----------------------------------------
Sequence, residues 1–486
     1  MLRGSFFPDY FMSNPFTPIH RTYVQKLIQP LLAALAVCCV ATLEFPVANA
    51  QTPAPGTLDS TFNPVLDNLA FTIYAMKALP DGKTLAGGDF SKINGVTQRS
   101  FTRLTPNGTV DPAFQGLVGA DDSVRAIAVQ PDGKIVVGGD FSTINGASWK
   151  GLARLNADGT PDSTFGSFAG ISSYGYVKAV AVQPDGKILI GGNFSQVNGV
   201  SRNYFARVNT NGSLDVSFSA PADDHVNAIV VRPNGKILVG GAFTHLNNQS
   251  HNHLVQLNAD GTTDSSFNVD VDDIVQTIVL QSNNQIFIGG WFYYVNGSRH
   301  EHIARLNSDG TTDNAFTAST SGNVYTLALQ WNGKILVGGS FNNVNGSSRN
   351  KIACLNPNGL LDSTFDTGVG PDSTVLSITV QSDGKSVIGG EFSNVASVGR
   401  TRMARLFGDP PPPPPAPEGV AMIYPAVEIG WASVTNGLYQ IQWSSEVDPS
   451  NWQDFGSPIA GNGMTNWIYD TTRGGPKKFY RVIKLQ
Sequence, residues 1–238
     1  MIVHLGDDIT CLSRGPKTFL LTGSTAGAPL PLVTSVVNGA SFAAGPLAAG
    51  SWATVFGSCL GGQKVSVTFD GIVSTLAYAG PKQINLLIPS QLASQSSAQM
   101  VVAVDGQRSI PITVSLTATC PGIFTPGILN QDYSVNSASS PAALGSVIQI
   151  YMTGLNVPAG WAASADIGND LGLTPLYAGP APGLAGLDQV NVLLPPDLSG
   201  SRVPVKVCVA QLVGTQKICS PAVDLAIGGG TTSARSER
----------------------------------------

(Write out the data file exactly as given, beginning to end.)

Sequence, residues 1–486
     1  MLRGSFFPDY FMSNPFTPIH RTYVQKLIQP LLAALAVCCV ATLEFPVANA
    51  QTPAPGTLDS TFNPVLDNLA FTIYAMKALP DGKTLAGGDF SKINGVTQRS
   101  FTRLTPNGTV DPAFQGLVGA DDSVRAIAVQ PDGKIVVGGD FSTINGASWK
   151  GLARLNADGT PDSTFGSFAG ISSYGYVKAV AVQPDGKILI GGNFSQVNGV
   201  SRNYFARVNT NGSLDVSFSA PADDHVNAIV VRPNGKILVG GAFTHLNNQS
   251  HNHLVQLNAD GTTDSSFNVD VDDIVQTIVL QSNNQIFIGG WFYYVNGSRH
   301  EHIARLNSDG TTDNAFTAST SGNVYTLALQ WNGKILVGGS FNNVNGSSRN
   351  KIACLNPNGL LDSTFDTGVG PDSTVLSITV QSDGKSVIGG EFSNVASVGR
   401  TRMARLFGDP PPPPPAPEGV AMIYPAVEIG WASVTNGLYQ IQWSSEVDPS
   451  NWQDFGSPIA GNGMTNWIYD TTRGGPKKFY RVIKLQ
Sequence, residues 1–238
     1  MIVHLGDDIT CLSRGPKTFL LTGSTAGAPL PLVTSVVNGA SFAAGPLAAG
    51  SWATVFGSCL GGQKVSVTFD GIVSTLAYAG PKQINLLIPS QLASQSSAQM
   101  VVAVDGQRSI PITVSLTATC PGIFTPGILN QDYSVNSASS PAALGSVIQI
   151  YMTGLNVPAG WAASADIGND LGLTPLYAGP APGLAGLDQV NVLLPPDLSG
   201  SRVPVKVCVA QLVGTQKICS PAVDLAIGGG TTSARSER